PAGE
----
# # #

Many of the people who’d been living amid Kirkpatrick’s bamboo and statuary were chronically homeless. Several who the Outpost spoke to last week had lived in the camps at Palco Marsh, aka Devil’s Playground, before being evicted. One of them, Jack Sarter, subsequently moved into the former Mycroft Supportive Care facility in Eureka’s Pine Hill neighborhood. 

The facility quickly became overrun with squatters and abandoned vehicles, and neighbors were soon up in arms over the noise, crime and refuse. The situation led to heated community meetings organized by Supervisor Rex Bohn and a court battle that led to another round of evictions.

Nearly three years after the Palco Marsh evictions, Eureka’s struggles to address the homelessness crisis don’t appear to have made much headway. The results of last week’s Point-in-Time count probably won’t be released for several weeks, but it’s clear to anyone living and working in Eureka that many people are still living on our streets, in cars and alcoves, and out in the elements during the coldest and rainiest period of the year.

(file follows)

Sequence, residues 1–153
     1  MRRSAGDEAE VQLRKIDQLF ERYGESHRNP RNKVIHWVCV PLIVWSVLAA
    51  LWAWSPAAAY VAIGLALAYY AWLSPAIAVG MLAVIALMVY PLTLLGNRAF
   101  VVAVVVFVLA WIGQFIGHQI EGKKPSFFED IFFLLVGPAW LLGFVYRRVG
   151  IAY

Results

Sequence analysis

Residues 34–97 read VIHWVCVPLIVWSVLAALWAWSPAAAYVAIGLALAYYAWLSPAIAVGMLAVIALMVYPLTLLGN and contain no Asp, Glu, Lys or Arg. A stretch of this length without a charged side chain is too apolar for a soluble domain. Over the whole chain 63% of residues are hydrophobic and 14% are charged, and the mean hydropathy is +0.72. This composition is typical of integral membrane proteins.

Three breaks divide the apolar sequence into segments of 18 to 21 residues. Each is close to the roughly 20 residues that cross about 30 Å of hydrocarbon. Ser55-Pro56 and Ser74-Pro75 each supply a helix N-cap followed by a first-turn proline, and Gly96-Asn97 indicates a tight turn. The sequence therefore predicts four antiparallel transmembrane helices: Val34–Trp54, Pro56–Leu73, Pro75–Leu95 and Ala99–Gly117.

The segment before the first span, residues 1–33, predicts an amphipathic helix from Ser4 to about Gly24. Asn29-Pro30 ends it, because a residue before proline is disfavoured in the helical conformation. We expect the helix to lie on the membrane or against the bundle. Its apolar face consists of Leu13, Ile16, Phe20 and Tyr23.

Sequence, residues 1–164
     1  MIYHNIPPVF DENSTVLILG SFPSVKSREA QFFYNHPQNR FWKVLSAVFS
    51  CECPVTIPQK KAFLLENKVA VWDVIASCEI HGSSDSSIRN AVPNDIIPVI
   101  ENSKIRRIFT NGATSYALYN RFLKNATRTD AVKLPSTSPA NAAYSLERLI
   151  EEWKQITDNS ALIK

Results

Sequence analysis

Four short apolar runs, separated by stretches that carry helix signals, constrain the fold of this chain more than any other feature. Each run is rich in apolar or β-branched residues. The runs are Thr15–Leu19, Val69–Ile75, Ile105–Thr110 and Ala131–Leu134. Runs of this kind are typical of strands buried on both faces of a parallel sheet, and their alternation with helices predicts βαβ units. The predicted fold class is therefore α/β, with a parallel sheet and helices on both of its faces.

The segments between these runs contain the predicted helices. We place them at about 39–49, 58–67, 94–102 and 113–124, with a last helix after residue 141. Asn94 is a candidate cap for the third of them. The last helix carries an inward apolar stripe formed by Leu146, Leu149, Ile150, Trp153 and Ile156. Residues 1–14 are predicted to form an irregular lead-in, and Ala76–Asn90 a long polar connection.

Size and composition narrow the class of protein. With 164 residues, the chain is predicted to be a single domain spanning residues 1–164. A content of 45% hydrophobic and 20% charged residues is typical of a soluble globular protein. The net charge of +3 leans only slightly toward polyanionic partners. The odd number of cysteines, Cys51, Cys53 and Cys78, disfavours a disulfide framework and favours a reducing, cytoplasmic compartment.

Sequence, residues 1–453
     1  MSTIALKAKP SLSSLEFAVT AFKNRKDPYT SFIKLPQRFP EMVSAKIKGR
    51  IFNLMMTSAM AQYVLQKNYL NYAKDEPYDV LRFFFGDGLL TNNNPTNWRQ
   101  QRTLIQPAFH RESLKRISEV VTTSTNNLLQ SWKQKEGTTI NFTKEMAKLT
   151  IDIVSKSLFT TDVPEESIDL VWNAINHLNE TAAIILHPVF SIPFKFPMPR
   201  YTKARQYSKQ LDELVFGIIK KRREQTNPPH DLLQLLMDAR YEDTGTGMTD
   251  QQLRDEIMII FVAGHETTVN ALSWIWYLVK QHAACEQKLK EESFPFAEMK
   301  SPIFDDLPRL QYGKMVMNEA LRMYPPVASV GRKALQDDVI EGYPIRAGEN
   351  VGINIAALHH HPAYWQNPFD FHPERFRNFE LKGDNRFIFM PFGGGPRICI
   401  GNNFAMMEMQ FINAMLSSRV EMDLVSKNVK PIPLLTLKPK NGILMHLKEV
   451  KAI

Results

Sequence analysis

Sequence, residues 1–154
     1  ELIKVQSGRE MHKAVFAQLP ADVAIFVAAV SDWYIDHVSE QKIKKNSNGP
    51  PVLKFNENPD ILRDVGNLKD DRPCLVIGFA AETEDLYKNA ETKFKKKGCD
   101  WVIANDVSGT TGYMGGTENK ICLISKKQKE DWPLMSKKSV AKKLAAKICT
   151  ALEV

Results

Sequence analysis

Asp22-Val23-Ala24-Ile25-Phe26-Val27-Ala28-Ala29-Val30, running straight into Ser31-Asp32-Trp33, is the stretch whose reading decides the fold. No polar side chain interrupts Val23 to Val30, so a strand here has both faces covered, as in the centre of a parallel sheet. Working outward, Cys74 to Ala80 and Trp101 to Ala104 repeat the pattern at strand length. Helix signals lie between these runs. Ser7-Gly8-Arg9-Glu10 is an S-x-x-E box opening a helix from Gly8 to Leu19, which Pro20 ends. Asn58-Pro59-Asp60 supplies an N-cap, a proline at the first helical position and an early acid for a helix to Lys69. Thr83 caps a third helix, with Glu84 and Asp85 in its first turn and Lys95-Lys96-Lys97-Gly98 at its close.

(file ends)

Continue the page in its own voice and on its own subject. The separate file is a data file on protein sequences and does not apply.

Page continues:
Last Thursday evening, the day after the evictions at Bayshore Way, Sarter and some friends sat on the curb next to Kirkpatrick’s illegal fence. A young puppy lay sleeping at their feet. None of them knew where they’d sleep that night.

“I got $55 but it’s not enough for a motel room,” Sarter said. The cheapest one in the city is $73, he said, so he’d have to wait until getting paid two days later. The two women he was with said they didn’t know where they’d sleep, either.

In the bright light of the following morning, people walked across the muddy tractor tracks and picked through the piles of stuff that had been gathered between a shipping container and a large dumpster: clothes, tools, bicycles, plastic totes, lawnmowers, a barbecue, an American flag. It was all heaped next to some of Kirkpatrick’s garden statues.